Give Computers the Gift of Gab


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When Lloyds TSB first introduced telephone banking five years ago with call center agents, it found customers reluctant to discuss their personal financial details over the phone. Once Lloyd’s implemented an automated teller that enabled customers to examine their accounts in privacy, use of its telephone banking service took off. Lloyds TSB, with bank branches throughout the United Kingdom, uses advanced speech technology to handle millions of calls a week.

Self-service (IVR) and speech recognition are pervasive in contact centers around the globe. However, initially many user interfaces were poorly designed, leading to widespread consumer frustration. Poorly implemented self-service and speech recognition systems cause consumers to opt out to live agents or hang up in disgust. Before blaming the systems, consumers should be aware that it is generally not the voice automation technology that is the problem but, rather, the way in which it is implemented.

Speech recognition is coming of age, giving computers the ability to listen and reply in simple conversations that are bridging the language gap between people and machines to change the way business is conducted.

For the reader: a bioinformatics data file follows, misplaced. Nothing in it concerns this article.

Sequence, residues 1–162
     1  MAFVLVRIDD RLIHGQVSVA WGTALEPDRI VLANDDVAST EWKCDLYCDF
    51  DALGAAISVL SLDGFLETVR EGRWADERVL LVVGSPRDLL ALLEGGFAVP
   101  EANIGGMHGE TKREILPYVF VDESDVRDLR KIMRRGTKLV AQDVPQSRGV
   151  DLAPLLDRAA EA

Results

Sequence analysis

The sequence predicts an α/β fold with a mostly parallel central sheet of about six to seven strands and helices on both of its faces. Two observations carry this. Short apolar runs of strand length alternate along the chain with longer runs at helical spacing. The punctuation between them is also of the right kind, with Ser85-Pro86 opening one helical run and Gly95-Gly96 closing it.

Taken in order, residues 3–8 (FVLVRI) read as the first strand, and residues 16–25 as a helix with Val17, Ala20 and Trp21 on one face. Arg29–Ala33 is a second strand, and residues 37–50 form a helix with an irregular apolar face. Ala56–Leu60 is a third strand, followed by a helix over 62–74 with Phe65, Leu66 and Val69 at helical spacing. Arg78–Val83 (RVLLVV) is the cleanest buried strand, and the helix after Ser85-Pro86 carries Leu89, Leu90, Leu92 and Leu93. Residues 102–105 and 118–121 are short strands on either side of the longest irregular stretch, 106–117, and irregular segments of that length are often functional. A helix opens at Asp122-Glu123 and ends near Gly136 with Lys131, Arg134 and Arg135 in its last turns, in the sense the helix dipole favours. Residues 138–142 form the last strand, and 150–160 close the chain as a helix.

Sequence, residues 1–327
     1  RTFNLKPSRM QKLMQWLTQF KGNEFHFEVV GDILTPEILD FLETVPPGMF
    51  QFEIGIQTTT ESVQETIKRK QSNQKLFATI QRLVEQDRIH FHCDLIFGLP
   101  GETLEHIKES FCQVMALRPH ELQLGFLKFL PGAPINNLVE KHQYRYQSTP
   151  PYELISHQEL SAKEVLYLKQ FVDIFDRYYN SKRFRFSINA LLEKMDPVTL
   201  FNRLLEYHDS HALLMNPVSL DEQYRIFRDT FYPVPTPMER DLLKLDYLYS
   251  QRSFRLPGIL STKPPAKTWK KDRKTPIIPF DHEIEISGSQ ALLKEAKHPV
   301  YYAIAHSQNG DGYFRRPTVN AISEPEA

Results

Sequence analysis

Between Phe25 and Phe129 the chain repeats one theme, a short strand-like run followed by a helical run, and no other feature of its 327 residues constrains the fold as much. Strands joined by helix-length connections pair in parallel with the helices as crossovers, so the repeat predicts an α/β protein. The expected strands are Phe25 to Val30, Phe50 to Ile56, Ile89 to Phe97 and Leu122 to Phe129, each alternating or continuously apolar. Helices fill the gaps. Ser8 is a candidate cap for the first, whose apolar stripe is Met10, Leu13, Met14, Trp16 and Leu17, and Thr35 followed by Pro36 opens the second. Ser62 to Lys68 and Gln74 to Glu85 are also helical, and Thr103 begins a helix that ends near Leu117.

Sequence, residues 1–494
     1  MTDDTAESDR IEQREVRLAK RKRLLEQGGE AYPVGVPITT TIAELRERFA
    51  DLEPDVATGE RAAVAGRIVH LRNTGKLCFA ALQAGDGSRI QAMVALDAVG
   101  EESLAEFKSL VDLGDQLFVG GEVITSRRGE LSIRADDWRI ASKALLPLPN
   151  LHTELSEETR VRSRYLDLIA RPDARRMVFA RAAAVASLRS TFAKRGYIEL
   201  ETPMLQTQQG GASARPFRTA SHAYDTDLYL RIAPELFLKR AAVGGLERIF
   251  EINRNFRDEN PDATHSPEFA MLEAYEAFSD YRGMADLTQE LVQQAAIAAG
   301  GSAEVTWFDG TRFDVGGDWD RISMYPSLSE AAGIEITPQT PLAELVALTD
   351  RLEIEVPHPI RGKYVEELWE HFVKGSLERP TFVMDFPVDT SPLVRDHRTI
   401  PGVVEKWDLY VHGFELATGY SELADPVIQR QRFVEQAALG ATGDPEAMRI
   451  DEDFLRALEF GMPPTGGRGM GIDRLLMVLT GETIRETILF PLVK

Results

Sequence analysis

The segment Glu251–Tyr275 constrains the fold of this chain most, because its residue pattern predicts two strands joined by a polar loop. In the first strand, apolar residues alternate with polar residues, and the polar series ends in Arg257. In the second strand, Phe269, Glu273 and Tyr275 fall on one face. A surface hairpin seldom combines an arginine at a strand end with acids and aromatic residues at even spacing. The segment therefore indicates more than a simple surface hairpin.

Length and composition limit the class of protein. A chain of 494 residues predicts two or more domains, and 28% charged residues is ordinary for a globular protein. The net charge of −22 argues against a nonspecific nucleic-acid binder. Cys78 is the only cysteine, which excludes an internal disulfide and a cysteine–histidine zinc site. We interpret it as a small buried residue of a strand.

In my 20 years in the contact center and self service industry, I have seen more and more companies creating virtual contact centers that eliminate walls and boundaries—business, technical and geographic—fostering communication with customers and employees. Speech recognition is one of the leading technologies making this virtualization possible.

Expanded capability

Improvements in speech recognition technologies have been steadily expanding the capabilities of computers to understand voice commands, making it possible to replace touch-tone keypad responses over the telephone with spoken replies. A wide range of businesses across industries such as financial services, airlines, entertainment services, hotels, utilities and government agencies are implementing speech recognition telephony applications that complete recurring tasks without needing to involve a human operator.

Over the past few years, speech recognition applications have improved to include large complex vocabularies that go well beyond simple commands like yes or no, and the newest speech synthesizers can sound much like a real person talking rather than a machine.

A customer can verbally transfer funds between bank accounts, make flight reservations or order concert tickets speaking only to a computer. Automating these types of transactions frees up a company’s call center staff to focus on more complex customer needs while contributing large savings to customer service budgets. An industry analyst, Zelos group, estimates a traditional call center can reduce the cost per customer call from $4 to $10 to between 10 and 40 cents through automation. Customer satisfaction also improves through reduced waiting times.